AI: TV’s next frontier

A white man sings on the America's Got Talent stage, but is shown on the big-screen behind him as Simon Cowell

Daily, we are bombarded by headlines announcing the wonders – and risks – that generative artificial intelligence is bringing to our lives. AI has been used to help identify the hostages taken by Hamas from southern Israel on 7 October. More mundanely, apparently it can also help stem the alarming rise in shoplifting. On the other hand, it could put many of us out of work, lead to rampant breaches of copy­right and, ultimately, make it nigh on impossible to tell what on our screens is fake and what is real.

The impact of AI on film and TV - is it a friend or foe?

On screen, Alex Mahon’s image from the camera trained at the podium is being manipulated by Metaphysic’s AI technology to alter her appearance and voice in real time

A funny thing happened on the stage of America’s Got Talent in 2022. Tom Graham brought gasps from the audience when, with the aid of a talented performer and a lot of deepfake technology, he brought a vision of Simon Cowell to life, apparently singing a ballad while swinging his arms around. Cowell looked equally bewildered and impressed, before asking: “Is it inappropriate to fall in love with a contestant?”

AI: The New Frontier for Journalism

An RTS session considering the innovations and potential challenges of AI in journalism. We heard from organisations that are already using AI to work more efficiently and deliver more of what their audiences want, and got an understanding of what regulators are doing around the world to ensure that the technology contributes to the industry positively.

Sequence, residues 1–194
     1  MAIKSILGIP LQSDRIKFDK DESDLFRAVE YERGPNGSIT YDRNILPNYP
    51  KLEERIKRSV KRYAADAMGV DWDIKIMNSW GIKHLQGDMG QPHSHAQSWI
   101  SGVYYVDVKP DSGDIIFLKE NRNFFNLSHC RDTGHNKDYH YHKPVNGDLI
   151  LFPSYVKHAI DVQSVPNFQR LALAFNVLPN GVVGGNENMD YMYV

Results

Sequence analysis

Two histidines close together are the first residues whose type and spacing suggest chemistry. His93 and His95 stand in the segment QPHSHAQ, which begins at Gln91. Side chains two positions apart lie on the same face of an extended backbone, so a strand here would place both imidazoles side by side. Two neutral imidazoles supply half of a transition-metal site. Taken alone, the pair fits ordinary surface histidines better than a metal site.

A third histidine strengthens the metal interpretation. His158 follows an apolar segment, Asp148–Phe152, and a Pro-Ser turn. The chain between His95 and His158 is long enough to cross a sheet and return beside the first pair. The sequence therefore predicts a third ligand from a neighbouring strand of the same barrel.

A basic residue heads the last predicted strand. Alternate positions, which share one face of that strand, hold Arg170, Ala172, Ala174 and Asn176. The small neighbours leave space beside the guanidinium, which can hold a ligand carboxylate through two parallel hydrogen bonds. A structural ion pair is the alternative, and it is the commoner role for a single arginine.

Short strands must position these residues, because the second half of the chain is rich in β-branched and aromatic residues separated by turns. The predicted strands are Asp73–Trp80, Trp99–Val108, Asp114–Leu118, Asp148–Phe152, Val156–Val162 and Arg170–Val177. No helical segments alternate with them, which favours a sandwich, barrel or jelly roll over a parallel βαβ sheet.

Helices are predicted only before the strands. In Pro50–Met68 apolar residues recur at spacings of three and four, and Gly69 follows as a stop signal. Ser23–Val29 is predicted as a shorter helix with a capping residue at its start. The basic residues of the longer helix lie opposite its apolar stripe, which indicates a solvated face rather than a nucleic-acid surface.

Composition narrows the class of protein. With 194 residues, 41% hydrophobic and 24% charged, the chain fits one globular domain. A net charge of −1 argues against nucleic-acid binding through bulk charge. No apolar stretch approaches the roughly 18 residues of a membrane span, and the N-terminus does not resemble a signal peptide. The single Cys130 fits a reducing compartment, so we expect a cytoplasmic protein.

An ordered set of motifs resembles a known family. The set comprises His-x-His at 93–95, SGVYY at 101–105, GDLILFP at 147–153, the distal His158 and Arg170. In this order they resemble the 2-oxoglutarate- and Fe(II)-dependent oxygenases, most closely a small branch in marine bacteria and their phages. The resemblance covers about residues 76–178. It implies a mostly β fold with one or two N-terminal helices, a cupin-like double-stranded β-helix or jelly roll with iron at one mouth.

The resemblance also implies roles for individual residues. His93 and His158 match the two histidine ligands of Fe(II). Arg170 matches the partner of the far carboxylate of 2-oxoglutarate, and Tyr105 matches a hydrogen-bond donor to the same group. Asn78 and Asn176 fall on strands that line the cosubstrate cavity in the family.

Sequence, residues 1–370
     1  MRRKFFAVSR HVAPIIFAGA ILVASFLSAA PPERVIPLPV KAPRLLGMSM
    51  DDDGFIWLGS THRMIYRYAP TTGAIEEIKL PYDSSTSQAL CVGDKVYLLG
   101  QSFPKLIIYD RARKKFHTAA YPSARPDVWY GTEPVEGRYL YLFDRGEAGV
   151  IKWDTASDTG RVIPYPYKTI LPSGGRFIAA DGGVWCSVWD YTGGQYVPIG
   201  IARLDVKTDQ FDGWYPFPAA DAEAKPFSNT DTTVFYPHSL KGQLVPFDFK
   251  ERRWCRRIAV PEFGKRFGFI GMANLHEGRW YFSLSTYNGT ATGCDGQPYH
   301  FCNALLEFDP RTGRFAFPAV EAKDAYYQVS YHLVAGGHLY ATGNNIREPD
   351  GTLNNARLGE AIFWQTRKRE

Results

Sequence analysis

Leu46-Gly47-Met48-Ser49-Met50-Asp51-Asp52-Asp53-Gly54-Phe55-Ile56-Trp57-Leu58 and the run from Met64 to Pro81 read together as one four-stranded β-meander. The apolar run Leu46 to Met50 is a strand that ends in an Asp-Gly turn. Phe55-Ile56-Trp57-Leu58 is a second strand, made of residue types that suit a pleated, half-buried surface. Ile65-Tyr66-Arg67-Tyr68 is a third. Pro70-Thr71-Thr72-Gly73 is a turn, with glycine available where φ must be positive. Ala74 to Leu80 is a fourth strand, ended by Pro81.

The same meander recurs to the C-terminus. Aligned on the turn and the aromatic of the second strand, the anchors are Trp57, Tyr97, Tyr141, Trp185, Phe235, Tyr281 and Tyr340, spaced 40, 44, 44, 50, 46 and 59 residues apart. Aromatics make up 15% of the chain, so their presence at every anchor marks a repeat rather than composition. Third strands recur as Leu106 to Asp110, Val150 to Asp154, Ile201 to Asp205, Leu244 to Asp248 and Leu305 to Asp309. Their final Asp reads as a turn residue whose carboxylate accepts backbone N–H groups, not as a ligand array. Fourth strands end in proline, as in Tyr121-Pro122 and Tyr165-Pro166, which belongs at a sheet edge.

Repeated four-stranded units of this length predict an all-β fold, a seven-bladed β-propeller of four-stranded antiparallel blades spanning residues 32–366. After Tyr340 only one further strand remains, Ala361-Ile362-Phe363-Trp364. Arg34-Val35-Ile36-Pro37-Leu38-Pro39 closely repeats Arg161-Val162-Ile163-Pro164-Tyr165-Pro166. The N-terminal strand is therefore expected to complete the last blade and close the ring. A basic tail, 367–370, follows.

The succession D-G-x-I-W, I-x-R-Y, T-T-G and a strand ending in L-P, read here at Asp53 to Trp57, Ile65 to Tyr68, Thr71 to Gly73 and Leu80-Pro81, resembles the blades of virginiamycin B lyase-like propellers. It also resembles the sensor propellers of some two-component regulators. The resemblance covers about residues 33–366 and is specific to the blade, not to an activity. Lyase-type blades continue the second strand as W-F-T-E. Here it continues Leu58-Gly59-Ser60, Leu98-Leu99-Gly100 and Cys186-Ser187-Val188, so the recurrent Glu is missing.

Hosted by Symeon Brown, Channel 4 News correspondent and host of AI Watch.


The case for and against AI in TV

Should the television industry be worried about artificial intelligence (AI) or excited? Or both?

Each day seems to bring fresh warnings that AI will wreck businesses, cast thousands out of work and even destroy the human race. So, is TV safe? Judge for yourself from this little experiment.

“Can you suggest a format for a new television gameshow?” I asked the AI chatbot ChatGPT.

AI is the future: for good or ill

“It can be [anything] from a very simple and specific task being replicated in a simple algorithm to an intelligence system that can take complicated decisions,” explained the Digital TV Group’s Yvonne Thomas. “We see a big advantage to using AI and machine learning technologies in... search and discovery. Increasing the reach of content and making it discoverable is absolutely key [for the] monetisation of content.”

Rich Welsh, SVP for innovation at digital technology outfit Deluxe, who chaired the RTS event, said: “[AI] can be used, like any technology, for good or for bad.”


The Programme has been created to drive sector-wide digital transformation, where Accelerators ultimately demonstrate business value through an open R&D approach, reflecting the value of industry of standards and best practices. Through the Accelerators, multicompany teams come together – led by game changing broadcasters, studios, platforms and content owners as ‘Champions’ - to develop solutions to use cases working with expert vendors and solutions providers as project ‘participants’.

Guest post: Transforming TV by going back to the future

Call it a tale of two industries. For the vast global television sector, this is the best of times and the worst of times. This is a golden age of television.

Cinema-quality programmes such as Game of Thrones draw massive audiences. Events such as the 2018 FIFA World Cup, broadcast in real time to a global viewership of 1.1 billion, prove the medium’s unique power to bring together truly massive live audiences.